The first thing to do if your cat goes outside the litter box - Dr. Marty Becker


The first thing to do if your cat goes outside the litter box

Thursday, Dec 6th, 2018 | By Dr. Marty Becker

You think you’ve tried everything to fix your cat’s litter box problem. Here’s what you might have missed.

Q: My cat stopped using her litter box. We’ve done everything we’ve read about: added an extra box, made sure the boxes are in quiet spots, not used scented litter, scooped daily and washed the box every week. It hasn’t helped, and we’re running out of ideas. What are we missing?

A: You’ve mentioned everything you should be trying, except the most important one: a visit to the veterinarian.

When a cat who previously had no litter box problems suddenly starts eliminating inappropriately, the first stop needs to be the veterinarian. That’s because medical conditions such as bladder infections or urinary tract obstruction are often behind the problem. Another likely culprit: arthritis or an injury that makes getting in and out of the litter box difficult.

If you’ve ever had a bladder infection or back injury yourself, you know both conditions are painful. Your cat may associate that pain with the litter box or may not be able to hold it. Either way, you need to work with your vet to rule out physical causes for litter box avoidance.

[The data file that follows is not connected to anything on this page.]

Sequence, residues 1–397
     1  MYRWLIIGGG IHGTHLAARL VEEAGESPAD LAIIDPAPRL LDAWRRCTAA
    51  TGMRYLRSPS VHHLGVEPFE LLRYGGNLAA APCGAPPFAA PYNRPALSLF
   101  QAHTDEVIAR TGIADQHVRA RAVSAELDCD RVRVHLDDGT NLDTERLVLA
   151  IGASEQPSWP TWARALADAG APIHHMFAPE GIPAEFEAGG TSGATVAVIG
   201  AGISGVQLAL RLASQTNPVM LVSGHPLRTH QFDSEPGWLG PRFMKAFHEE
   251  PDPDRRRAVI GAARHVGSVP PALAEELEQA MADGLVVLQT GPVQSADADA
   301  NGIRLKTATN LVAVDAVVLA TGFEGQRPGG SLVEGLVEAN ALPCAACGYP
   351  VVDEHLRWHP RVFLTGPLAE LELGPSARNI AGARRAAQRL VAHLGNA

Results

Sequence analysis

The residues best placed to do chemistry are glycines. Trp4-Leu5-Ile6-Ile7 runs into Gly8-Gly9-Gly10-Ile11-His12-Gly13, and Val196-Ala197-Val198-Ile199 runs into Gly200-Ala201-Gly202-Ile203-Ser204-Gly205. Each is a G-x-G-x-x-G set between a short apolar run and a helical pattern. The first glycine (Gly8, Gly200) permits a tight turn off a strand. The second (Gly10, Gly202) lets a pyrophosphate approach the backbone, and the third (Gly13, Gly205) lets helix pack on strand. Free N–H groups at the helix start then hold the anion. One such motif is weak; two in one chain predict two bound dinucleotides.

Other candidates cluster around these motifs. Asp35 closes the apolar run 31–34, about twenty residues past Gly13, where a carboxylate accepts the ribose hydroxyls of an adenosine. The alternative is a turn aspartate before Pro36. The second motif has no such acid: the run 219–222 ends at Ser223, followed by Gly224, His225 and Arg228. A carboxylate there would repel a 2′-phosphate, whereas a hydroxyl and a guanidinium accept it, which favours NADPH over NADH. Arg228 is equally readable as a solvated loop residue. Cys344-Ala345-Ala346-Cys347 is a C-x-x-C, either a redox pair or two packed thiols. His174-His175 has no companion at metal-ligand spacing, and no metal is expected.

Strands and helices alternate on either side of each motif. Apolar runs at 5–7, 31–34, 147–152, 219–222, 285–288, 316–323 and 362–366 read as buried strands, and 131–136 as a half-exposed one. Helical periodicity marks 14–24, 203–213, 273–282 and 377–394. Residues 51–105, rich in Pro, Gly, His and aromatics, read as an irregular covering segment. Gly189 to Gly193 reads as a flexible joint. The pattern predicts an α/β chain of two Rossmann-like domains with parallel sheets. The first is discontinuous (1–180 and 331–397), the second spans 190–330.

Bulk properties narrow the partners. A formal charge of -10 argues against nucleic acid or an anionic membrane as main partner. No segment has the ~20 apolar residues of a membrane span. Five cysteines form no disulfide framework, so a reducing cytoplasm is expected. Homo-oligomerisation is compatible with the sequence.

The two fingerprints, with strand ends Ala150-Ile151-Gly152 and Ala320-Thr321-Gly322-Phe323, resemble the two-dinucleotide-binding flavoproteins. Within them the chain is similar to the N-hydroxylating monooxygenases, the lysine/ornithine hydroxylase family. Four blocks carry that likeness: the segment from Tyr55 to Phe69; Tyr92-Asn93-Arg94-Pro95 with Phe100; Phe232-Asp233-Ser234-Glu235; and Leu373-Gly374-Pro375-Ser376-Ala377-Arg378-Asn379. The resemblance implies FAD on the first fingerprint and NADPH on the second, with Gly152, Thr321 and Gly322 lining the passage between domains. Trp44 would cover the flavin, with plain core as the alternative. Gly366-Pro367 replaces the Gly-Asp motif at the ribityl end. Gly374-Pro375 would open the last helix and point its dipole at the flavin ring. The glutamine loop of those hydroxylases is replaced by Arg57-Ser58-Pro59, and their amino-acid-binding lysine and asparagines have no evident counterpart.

After your cat’s condition is treated, will she go back to using the box? Possibly, but it may not be that simple. The association of pain with the box might mean some re-training is in order. If the problem is arthritis, it may be necessary to get a box with only three sides, so the cat can get in and out without discomfort.

If there’s no underlying physical cause, or the problem persists after treatment, it’s time to talk to yet another veterinarian. A veterinary behaviorist can work wonders with management strategies, behavior modification, supplements and medications. Behaviorists often work via telemedicine consultations with your own veterinarian. You can locate one at, the website of the American College of Veterinary Behaviorists.

Read more in Pet Connection, the weekly nationally syndicated pet feature I co-write with Kim Campbell Thornton and my daughter, trainer Mikkel Becker.